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This article is part of the supplement: Nineteenth Annual Computational Neuroscience Meeting: CNS*2010

Open Access Poster Presentation

Mutually pulse-coupled neurons that do not synchronize in isolation can synchronize via reciprocal coupling with another neural population

Lakshmi Chandrasekaran1*, Srisairam Achuthan1 and Carmen C Canavier12

Author Affiliations

1 Neuroscience Center of Excellence, Louisiana State University Health Sciences Center, New Orleans, LA, 70112, USA

2 Department of Ophthalmology, LSU Health Sciences Center, New Orleans, LA, 70112, USA

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BMC Neuroscience 2010, 11(Suppl 1):P15  doi:10.1186/1471-2202-11-S1-P15

The electronic version of this article is the complete one and can be found online at:

Published:20 July 2010

© 2010 Chandrasekaran et al; licensee BioMed Central Ltd.

Poster Presentation

Phase locking between similar or dissimilar clusters (synchronized groups) of neurons may be widespread in the nervous system [1-3]. We examine two reciprocally coupled clusters of pulse-coupled oscillatory neurons. Neurons within each cluster are presumed to be identical and identically coupled but not necessarily identical to neurons in the other cluster. We construct a discrete map using Phase Response Curves (PRCs) for a firing pattern in which the neurons within each cluster are synchronized but the two clusters fire out of phase with respect to each other. We extend this map to include a perturbation of a single neuron within one cluster and linearize about the fixed point of the original map. We derive expressions that give stability of the phase-locked cluster solution using only the slopes of the PRC at the locking points. We give an example of a cluster of inhibitory Type II excitable neurons that cannot synchronize in isolation because the absolute value of the eigenvalue that determines synchrony in the isolated cluster is greater than one. The reciprocal coupling with another cluster scales this eigenvalue such that it becomes less than one, guaranteeing stability (Figure 1). These results suggest a mechanism by which local synchronization can be induced through reciprocal coupling between brain regions via the feedback loop.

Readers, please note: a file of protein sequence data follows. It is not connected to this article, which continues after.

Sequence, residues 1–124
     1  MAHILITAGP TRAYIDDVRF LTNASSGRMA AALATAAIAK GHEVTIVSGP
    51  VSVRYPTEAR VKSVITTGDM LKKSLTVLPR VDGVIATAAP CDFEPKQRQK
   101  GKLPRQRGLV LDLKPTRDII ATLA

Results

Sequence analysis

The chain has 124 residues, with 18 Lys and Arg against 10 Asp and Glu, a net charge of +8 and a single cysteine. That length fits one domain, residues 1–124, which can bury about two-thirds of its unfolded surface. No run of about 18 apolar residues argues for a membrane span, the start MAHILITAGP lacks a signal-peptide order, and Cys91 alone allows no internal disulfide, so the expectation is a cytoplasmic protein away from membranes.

thumbnailFigure 1. A1,A2) Cluster 1 isolated and after coupled to cluster 2. B1) Neurons in cluster 1 firing out of phase B2) Cluster 1 neurons firing synchronously. (C) Examples of characteristic shapes of first and second order phase resets with Type II inhibition. D) Qualitative stability results for two clustered solution. Black bar(observed) obtained by integrating full system of differential equations for a range of conductance values. Compared to analysis in the current study denoted by purple bar. E) Maximum eigenvalues vs. conductance. greater than one for isolated cluster (blue dots) and less than one for the coupled cluster (purple dots).


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